Director Keisuke Yoshida puts his thirty years of boxing experience into a film that has at least four interesting characters. But he mostly focuses on two. The first is Nobuto Orita (Ken’ichi Natsuyama), a better boxing assistant coach than he is in the ring. The second is Kazuki Ogawa (Masahiro Higashide), who juggles boxing with his girlfriend and his health.
Most people assume that the boxing world, or the world in general, is inherently competitive. So its interesting to see a character like Orita who takes his losses in stride. Another character who’s kind of like him is Tsuyoshi Narazaki (Tokio Emoto). Narazaki basically cowers at the idea of going pro, but of course, the film gives him reason to.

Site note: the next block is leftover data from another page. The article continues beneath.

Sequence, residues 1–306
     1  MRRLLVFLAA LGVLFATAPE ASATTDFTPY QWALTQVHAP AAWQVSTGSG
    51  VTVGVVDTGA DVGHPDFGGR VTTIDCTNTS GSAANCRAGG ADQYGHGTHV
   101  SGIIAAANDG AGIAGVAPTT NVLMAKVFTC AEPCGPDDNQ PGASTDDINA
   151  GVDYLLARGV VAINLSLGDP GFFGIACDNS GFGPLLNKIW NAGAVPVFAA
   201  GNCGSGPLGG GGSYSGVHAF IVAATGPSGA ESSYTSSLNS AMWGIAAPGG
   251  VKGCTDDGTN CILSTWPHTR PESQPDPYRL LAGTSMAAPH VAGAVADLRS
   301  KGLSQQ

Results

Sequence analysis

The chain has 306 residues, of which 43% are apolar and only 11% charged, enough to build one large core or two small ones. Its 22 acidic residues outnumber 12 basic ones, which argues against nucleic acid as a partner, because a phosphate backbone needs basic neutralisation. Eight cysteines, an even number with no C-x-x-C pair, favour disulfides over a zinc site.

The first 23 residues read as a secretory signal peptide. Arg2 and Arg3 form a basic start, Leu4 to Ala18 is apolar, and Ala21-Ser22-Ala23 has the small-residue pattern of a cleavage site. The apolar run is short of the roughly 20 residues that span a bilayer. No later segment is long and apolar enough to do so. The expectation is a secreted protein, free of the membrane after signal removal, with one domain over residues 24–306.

The three actors are convincing both inside and outside of the ring. Those outside scenes matter more here because they expose the decisions that these characters that affect their boxing in some way. This is also the second sports film of the festival. And Blue has its own way of displaying the human body’s capabilities and, more importantly, limitations.
This film seems like it was going to take unconventional steps in depicting these character arcs. But during the third act, Yoshida does for more conventional tropes. Match scenes have that mix of quick shots inside and outside of the ring. And it seems like it doesn’t know what to do after the trio have their first matches in tandem.
There are also going to be some viewers who will not believe in Narazaki’s third act fighting spirit. I have my own reasons for not wanting that change to happen. Specifically, that his ‘I wann lie down’ energy v But through him, the film argues that there’s a competitive side in anyone. It also tells us to appreciate everyone’s passions.